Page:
For this week's column I have been writing about the lime that is used in Thai cooking, Citrus hystrix. It is primarily the leaf that is used, and it is said to have a unique and wonderful aroma and flavor. The peel of the fruit is second most used, and the juice probably last. I've never used any part of the plant, and have always wondered if I could grow it. I have learned that the plant, while it is a tropical citrus, needing more warmth than many other kinds, has been grafted onto roots of less tropical citrus plants, which makes it better able to handle our somewhat colder soils and air, and that it can grow, and even fruit, in San Francisco and other coastal locations, given that it is planted where it will get sun on a sunny day and is watered and fertilized adequately.
But here is the question. It is often called the Kaffir lime. "Kaffir" is a highly objectionable word meaning, variously, a non-muslim or a non-white person. One place the word has been used (not so much anymore) is in South Africa. (Another plant given that name is the "Kaffir lily." That plant is the orange lily that blooms in shade, Clivia miniata. To escape from the objectionable name, we just call it Clivia.)
I have a lot of questions about the name. The plant is originally from Thailand. I don't think that's where it picked up this name, but where could it be from? Was this plant being grown in south Africa at some point?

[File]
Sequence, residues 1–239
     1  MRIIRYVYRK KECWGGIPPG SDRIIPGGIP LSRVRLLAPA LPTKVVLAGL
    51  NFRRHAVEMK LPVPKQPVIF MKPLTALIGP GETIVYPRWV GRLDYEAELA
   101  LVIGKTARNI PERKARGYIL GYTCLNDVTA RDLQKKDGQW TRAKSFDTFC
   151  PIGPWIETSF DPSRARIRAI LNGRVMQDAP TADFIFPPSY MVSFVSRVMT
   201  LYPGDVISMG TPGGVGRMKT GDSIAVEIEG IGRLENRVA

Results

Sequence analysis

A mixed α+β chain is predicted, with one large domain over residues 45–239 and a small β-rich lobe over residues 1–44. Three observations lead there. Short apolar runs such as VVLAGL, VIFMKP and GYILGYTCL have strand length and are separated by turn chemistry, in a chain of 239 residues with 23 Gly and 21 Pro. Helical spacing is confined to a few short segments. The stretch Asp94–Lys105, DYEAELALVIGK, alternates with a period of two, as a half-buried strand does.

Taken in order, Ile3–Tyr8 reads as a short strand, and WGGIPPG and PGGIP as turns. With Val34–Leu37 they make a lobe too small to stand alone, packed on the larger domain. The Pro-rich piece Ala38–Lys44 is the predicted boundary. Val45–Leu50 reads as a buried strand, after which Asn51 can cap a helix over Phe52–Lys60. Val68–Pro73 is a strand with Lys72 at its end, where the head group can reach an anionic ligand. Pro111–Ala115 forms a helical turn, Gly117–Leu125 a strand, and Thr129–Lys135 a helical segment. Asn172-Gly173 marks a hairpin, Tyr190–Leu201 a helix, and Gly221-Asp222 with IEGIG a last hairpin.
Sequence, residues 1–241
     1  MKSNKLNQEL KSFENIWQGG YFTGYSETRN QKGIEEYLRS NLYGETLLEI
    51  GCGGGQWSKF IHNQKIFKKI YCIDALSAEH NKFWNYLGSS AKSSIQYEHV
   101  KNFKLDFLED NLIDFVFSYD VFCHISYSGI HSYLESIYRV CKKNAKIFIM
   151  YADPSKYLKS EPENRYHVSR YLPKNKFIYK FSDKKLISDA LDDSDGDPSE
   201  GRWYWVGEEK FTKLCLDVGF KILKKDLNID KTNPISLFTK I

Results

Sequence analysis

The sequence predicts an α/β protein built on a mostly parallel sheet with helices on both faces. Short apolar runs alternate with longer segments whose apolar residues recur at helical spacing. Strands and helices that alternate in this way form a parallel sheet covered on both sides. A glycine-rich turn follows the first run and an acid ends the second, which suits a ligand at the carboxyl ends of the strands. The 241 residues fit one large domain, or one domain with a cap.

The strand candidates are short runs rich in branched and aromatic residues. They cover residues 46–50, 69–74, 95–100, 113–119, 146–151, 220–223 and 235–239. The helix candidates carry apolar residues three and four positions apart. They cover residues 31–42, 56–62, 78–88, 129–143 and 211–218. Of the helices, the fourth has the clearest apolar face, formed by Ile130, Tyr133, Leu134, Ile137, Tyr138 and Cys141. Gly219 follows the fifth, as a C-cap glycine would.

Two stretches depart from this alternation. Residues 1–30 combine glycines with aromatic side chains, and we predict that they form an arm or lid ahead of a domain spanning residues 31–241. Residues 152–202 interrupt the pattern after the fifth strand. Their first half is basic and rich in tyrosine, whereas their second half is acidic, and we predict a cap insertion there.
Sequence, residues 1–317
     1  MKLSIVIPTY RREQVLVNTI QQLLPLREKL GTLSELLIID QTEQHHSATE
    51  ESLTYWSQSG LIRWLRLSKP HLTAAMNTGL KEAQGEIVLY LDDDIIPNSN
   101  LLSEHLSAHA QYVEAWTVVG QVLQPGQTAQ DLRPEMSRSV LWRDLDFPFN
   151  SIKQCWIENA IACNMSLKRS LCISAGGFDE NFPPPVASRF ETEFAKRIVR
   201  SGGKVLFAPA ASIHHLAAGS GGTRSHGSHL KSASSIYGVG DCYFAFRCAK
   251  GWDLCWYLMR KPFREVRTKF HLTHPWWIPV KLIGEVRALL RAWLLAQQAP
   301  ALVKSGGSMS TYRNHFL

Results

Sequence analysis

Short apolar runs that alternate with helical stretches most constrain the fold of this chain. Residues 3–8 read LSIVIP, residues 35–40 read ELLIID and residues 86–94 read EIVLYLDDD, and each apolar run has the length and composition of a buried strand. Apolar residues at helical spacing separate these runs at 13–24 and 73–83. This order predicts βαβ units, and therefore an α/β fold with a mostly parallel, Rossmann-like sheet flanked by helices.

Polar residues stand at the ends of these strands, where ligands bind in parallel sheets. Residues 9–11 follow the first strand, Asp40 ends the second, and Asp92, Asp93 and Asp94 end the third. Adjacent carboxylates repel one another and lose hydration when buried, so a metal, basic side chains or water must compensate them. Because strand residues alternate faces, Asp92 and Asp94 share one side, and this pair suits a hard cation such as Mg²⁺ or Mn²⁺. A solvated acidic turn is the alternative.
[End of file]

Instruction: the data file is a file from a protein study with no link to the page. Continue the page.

A second perplexity is that Sunset Western Garden and other Sunset pubications call the plant the Kieffer lily. Very interesting. I wonder where this name came from. I suspect it is just a similar-sounding word that someone started using, but there is no trace of evidence about the name change, when and where?
Well, we can't just call it "lime" because there are other limes. And we can't just call it "citrus." In Thailand they call it "magrood" or "magrud," neither of which are names that would be recognized by most of us here.
I'm glad we are retiring objectionable names for any person, and I'm happy to call the plant a Kieffer lime, but it is the history of the name that I find interesting. Anyone have any info about this?